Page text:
Jesus’ genealogy

Now that we are in the Christmas season, I have been spending some time in the margins of What He Said. The Gospels of Mark and John begin when Jesus is an adult, but Matthew and Luke both give accounts of Christ’s birth. Over the next few weeks, I will be posting about some aspects of the two birth stories that interest me.

The New Testament begins with the genealogy of Jesus, as told by Matthew. Jesus is the son of Joseph who was the son of Jacob who was the son of Matthan who was the son of Eleazar… But, Luke (in Chapter 3) tells us that Jesus is the son of Joseph who was the son of Heli who was the son of Matthat who was the son of Levi… What’s going on? Was Joseph the son of Jacob or Heli?

I’ve read that Jesus’ ancestry in Matthew is through Joseph and His ancestry in Luke is actually though Mary. When Luke says that Joseph was the son of Heli, he really means “son-in-law.”

This seems to be consistent with another difference in the two accounts of Christ’s birth story. Matthew has an angel of the Lord appearing to Joseph (whose ancestors he has just listed). The angel explains to Joseph the circumstances of Mary’s motherhood and tells Joseph to name the child Jesus. But, Luke tells us that the angel Gabriel appeared to Mary to reveal the mystery of her being with child and tells her to name the child Jesus. So, it makes sense to me that Luke would trace the genealogy of Christ through Mary.

I would love it if a more astute Biblical scholar would step in to let us know if my thinking is off-base.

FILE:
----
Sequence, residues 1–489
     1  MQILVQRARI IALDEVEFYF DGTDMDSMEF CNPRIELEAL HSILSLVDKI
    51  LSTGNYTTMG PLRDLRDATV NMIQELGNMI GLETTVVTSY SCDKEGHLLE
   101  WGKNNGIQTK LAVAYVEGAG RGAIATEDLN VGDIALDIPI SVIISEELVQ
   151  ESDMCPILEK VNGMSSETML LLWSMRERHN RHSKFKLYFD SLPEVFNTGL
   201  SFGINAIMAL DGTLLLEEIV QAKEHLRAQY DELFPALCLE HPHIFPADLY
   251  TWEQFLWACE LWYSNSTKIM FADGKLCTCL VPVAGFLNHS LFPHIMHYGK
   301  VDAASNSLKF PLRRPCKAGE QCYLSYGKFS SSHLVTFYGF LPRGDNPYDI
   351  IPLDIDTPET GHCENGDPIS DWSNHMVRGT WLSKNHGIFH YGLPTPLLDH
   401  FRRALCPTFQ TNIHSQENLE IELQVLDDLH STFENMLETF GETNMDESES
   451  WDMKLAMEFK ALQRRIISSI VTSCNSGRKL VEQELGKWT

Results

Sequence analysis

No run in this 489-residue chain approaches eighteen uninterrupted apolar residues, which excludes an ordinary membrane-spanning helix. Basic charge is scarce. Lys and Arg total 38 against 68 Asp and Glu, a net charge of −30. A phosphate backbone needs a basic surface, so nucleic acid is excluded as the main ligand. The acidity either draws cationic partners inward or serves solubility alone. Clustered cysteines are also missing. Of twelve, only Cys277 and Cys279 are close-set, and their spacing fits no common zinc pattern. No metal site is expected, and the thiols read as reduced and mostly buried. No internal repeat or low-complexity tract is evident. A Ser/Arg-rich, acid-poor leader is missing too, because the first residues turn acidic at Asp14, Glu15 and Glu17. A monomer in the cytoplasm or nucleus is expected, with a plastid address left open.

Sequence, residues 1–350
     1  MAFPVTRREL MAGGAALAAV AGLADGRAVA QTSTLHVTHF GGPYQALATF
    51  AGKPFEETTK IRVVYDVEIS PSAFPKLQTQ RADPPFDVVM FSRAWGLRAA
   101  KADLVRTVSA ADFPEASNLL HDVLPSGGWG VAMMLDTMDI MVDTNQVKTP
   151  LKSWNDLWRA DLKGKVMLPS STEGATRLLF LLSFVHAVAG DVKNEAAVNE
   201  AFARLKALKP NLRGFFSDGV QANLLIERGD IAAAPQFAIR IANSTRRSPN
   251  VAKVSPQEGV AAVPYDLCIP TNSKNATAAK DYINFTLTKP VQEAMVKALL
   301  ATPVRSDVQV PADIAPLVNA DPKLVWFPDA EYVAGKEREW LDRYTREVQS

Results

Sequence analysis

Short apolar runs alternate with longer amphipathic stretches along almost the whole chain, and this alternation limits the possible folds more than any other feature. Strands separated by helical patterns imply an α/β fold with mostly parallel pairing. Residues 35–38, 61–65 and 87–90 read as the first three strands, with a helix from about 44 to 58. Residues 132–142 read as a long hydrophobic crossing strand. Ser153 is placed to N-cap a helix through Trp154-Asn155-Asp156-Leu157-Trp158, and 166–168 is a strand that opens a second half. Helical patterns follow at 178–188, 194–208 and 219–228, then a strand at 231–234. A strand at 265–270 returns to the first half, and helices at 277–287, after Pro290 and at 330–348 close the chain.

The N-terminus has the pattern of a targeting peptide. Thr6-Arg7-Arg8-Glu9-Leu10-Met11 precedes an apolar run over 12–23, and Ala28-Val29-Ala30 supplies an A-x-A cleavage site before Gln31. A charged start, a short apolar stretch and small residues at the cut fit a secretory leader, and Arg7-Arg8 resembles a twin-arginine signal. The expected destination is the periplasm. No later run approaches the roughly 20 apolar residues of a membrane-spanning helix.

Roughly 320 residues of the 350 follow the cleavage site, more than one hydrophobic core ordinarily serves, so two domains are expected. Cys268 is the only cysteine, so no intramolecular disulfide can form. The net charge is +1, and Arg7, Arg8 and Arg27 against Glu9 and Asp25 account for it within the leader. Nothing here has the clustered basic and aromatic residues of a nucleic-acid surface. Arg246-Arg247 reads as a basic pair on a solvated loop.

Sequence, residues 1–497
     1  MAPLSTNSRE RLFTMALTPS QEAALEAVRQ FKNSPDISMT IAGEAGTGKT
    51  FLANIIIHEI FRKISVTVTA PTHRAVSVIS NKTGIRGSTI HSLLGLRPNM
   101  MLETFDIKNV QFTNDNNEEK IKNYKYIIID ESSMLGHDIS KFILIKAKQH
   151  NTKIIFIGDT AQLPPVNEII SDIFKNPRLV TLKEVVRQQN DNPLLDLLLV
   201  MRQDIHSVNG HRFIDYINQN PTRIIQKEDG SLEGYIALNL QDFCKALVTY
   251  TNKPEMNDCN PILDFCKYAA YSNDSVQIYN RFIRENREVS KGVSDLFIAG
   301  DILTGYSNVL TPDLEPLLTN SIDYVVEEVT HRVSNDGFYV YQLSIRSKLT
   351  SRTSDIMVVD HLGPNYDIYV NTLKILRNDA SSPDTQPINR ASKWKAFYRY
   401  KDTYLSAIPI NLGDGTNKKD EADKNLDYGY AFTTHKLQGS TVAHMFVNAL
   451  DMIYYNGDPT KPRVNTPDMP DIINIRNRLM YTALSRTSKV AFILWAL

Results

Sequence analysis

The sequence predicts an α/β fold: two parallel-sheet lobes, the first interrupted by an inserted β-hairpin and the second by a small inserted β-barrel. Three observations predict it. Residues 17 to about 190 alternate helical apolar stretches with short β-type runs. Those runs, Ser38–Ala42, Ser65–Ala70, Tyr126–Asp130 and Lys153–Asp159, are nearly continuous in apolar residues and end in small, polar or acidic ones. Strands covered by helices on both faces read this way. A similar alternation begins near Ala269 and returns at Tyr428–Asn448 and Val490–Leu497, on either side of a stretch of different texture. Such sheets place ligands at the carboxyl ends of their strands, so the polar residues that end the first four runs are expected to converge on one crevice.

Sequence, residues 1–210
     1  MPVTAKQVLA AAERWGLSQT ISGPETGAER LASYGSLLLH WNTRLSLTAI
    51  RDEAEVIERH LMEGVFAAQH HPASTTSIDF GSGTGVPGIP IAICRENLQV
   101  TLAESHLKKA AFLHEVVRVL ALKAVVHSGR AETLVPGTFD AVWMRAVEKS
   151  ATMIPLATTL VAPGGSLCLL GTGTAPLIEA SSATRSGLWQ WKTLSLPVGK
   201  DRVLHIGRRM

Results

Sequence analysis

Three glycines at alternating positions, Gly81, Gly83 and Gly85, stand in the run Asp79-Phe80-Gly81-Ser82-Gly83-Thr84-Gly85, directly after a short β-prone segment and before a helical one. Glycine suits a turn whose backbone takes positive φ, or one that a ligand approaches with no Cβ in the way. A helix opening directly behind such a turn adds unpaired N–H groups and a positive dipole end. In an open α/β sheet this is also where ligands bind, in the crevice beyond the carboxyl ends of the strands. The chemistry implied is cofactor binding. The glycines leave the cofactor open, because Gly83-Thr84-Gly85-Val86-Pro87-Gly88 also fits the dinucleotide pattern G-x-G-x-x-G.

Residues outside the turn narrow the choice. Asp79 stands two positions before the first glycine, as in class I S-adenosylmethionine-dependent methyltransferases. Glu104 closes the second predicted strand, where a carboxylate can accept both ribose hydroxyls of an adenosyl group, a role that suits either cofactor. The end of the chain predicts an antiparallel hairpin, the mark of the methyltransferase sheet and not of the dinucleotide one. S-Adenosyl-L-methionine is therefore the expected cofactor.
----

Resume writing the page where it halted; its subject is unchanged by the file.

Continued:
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One Response to “Jesus’ genealogy”

  1. Marc Tumeinski says:

    I’ve been meaning to respond, but the ‘astute Biblical scholar’ comment was enough to scare me and probably others off! Here’s a few thoughts though… All of Scripture is inspired (2 Timothy 3:16) which means it faithfully communicates truth. Scripture also includes many different kinds of literature, like poetry, history, drama, stories, and so on.

    Some elements in Matthew and Luke’s infancy narratives are in agreement, which may indicate these elements are historical. Other elements though were chosen to communicate particular truths from Matthew and Luke to their intended audiences, which were different.

    As Raymond Brown points out, both Matthew and Luke trace Jesus’ genealogy through Joseph, which would make Jesus a descendant (son) of David, an important title which the prophets of Israel predicted that the expected Messiah would have. Both authors also indicate that the Holy Spirit played a key role in Jesus’ conception; hence, Mary’s virginity. Both accounts include a proclamation by an angel. In both descriptions, the news of Jesus’ birth is shared with others. In both accounts, some kind of trouble either occurred or was predicted (e.g., the massacre of the innocent children, lack of room in the inn, prediction that Jesus would cause the rise and fall of many in Israel, etc.)

    So much more to say but maybe this will inspire readers to compare the 2 accounts for themselves.

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